FOUR water treatment works around Scotland are now producing more energy than they use as a result of hydro power. Scottish Water, which uses a large amount of electricity to provide its essential services, has cut energy costs by installing a range of renewable technologies such as solar panels, hydro and wind turbines to generate enough electricity to power as many of its sites as possible. Water treatment works at Turret in Perthshire, Lintrathen in Angus and Castle Moffat in East Lothian, along with the waste water treatment works at Tannadice in Angus, are now considered self-sufficient. This is because, due to the amount of electricity created on-site from hydro power, they generate more energy than they consume over the year.
Herald 26th Dec 2013 read more »
Renewables – PV
Following on from recent projections for the PV industry, market research firm IHS has revealed key developments and issues for the sector in 2014. The market research firm reiterated its recent growth forecast for the industry next year, expecting global PV installations to be in the range of 40GW to 45GW, which was based on a bottom-up analysis of more than 100 countries, according to IHS.
PV – Tech 19th Dec 2013 read more »
Scotland might not be the sunniest place to put a solar panel, but its renewable energy industry is celebrating today after hitting the 100MW milestone of installed photovoltaic capacity. Analysis of Ofgem figures for December reveal Scotland now has 106MW of solar PV, an increase of 36 per cent since this time last year. The figures also reveal that 465 businesses, more than 28,000 homes, 56 communities, and 22 industrial sites have fitted solar arrays in the country. The numbers are in stark contrast to 2010, when 429 solar installations were recorded, offering just 2MW of capacity. Now the Scottish Solar Energy Group, Energy Technology Partnership, and WWF Scotland are calling on the Scottish governme nt to ensure its policies deliver even more solar.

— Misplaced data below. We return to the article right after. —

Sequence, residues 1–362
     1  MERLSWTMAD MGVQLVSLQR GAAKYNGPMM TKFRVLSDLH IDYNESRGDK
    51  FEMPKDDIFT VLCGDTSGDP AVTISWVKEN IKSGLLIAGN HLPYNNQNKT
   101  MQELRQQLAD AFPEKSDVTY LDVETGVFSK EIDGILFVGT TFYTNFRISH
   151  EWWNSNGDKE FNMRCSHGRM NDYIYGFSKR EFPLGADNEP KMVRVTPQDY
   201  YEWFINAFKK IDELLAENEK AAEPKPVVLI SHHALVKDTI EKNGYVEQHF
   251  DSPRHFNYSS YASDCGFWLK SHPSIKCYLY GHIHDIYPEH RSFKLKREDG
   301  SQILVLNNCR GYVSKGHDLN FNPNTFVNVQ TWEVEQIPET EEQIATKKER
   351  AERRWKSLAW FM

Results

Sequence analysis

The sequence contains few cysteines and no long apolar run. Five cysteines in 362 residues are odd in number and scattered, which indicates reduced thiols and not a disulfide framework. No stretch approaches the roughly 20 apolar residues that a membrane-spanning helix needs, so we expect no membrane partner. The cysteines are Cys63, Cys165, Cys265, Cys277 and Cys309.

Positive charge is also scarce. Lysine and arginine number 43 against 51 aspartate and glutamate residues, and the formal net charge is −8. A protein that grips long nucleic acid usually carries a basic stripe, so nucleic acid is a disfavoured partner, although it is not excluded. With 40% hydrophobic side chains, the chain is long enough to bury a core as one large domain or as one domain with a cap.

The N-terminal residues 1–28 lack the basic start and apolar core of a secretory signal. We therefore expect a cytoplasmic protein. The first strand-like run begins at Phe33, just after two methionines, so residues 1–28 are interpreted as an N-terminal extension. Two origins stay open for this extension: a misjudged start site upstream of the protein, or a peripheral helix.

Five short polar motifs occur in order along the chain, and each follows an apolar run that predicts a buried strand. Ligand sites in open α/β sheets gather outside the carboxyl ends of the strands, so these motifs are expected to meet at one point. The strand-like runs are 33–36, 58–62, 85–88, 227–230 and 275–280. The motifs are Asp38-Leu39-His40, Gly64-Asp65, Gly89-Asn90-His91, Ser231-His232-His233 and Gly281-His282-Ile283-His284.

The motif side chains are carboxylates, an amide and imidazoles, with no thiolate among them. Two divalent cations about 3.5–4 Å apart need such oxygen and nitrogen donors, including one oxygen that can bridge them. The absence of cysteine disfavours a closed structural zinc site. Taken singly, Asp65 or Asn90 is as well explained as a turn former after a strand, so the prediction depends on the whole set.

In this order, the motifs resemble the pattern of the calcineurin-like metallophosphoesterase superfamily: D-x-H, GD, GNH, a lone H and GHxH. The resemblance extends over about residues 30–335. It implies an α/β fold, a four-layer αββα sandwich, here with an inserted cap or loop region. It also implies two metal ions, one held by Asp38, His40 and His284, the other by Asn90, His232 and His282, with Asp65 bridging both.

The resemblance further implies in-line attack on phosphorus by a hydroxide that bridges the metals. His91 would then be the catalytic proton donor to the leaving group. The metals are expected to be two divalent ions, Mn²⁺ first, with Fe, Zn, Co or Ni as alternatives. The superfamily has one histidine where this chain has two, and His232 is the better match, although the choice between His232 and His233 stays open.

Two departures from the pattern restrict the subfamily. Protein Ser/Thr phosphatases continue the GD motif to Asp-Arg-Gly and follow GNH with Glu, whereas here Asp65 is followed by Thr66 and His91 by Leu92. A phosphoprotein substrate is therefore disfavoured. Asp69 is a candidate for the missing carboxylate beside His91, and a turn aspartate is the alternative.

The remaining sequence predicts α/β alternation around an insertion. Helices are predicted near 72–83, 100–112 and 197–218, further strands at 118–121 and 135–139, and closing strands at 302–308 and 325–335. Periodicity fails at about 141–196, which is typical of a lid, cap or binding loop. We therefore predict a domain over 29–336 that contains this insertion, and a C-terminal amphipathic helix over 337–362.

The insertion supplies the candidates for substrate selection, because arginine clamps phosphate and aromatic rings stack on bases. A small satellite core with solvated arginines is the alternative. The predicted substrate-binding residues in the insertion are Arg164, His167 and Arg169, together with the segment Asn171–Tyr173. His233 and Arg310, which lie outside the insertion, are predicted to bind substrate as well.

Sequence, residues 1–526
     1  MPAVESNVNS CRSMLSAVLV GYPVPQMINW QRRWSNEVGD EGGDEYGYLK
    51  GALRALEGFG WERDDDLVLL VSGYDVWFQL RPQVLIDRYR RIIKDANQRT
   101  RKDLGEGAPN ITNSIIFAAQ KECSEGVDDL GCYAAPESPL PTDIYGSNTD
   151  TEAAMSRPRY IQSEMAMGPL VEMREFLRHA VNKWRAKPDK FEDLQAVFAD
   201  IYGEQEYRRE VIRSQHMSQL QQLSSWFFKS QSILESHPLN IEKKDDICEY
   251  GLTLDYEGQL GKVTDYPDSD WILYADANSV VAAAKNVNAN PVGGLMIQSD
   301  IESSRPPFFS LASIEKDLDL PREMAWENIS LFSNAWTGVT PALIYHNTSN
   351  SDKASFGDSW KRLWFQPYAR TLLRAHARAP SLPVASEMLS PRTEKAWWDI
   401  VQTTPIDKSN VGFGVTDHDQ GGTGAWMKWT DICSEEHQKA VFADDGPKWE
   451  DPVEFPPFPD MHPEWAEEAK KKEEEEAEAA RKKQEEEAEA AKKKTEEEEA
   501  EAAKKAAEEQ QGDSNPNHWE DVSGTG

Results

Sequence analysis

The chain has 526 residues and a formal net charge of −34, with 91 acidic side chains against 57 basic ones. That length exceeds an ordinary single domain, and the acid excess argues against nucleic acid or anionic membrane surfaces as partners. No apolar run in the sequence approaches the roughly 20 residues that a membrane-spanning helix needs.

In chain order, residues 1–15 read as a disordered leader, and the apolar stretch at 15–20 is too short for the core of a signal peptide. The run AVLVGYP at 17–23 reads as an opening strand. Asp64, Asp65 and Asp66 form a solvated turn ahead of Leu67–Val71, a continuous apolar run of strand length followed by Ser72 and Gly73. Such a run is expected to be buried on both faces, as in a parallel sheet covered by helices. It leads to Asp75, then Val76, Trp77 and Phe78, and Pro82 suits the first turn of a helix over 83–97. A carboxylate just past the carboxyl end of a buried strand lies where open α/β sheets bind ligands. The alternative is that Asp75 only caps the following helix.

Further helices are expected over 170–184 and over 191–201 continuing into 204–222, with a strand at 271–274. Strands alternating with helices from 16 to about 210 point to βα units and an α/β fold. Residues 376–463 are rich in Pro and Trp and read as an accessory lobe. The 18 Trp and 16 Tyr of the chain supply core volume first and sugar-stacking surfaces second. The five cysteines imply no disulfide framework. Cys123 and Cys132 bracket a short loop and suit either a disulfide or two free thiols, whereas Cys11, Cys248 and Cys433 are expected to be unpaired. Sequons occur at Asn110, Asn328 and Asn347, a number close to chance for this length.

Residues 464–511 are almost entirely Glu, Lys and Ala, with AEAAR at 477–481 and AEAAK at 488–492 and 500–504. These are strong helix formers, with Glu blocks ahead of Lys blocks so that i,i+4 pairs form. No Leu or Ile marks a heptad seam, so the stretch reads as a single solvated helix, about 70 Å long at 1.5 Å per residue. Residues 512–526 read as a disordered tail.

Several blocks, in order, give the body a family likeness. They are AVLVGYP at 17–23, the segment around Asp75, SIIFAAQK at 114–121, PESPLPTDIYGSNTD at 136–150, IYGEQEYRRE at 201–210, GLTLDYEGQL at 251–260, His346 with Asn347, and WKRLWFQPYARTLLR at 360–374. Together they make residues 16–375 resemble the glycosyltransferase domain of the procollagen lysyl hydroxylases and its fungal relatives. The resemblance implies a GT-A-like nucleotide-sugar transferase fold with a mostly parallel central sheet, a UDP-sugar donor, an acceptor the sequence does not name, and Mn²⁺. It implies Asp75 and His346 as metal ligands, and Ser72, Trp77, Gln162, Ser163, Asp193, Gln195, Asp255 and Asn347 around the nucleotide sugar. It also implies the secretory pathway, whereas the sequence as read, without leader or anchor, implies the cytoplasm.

Business Green 27th Dec 2013 read more »
Herald 27th Dec 2013 read more »
Renewables – Wind
The National Grid’s huge bill for wind farmers to leave turbines idle has shot up from the £5 million paid out last year, according to figures released by the Renewable Energy Foundation (REF) charity. It found that about 40 wind farms shared £2.4 million in “constraint payments” to switch off over one weekend in September alone. A further £3.1 million was paid out to wind turbine operators during a windy weekend in August says the foundation, which compiled the information from official data.
Times 27th Dec 2013 read more »
Councils are wasting millions of pounds on wind turbines that are not working or will take hundreds of years to repay because they are generating as little as £13 worth of energy a month. Local authorities spent hundreds of thousands of pounds installing the turbines in an effort to meet renewable energy targets. However, some have not produced any energy at all in the last year because of faults, a Freedom of Information request disclosed. Some turbines generate so little energy they would take hundreds of years to repay their original value. Experts argue that the failure of some wind turbines t o recoup their value shows how small wind turbines are a poor way to generate renewable energy. In Eastleigh, Hampshire a turbine costing almost £30,000 was installed in 2005. Last year the turbine generated 520 kilowatt hours of energy (kWh). Taking 30p as the average price of energy per kWh under the feed-in tariff, this turbine generates £156 worth of energy a year or just £13 a month. At this rate it would take 190 years to repay its original cost.
Telegraph 26th Dec 2013 read more »
Consumers face paying hundreds of millions of pounds in unnecessary energy bill levies to fund household “smart meter” displays that companies have warned could be largely redundant. Critics fear the Government has failed to keep up with the pace of technology and the rise of smart-phone apps. They argue it is pointless to give customers separate display panels when using smart-phone apps could be a cheaper and more popular alternative. Major energy company ScottishPower told the Telegraph that the displays, which cost £15 to £25 or even more, could be a waste of money and has called for a review of the entire £12bn programme to reduce costs for consumers.
Telegraph 26th Dec 2013 read more »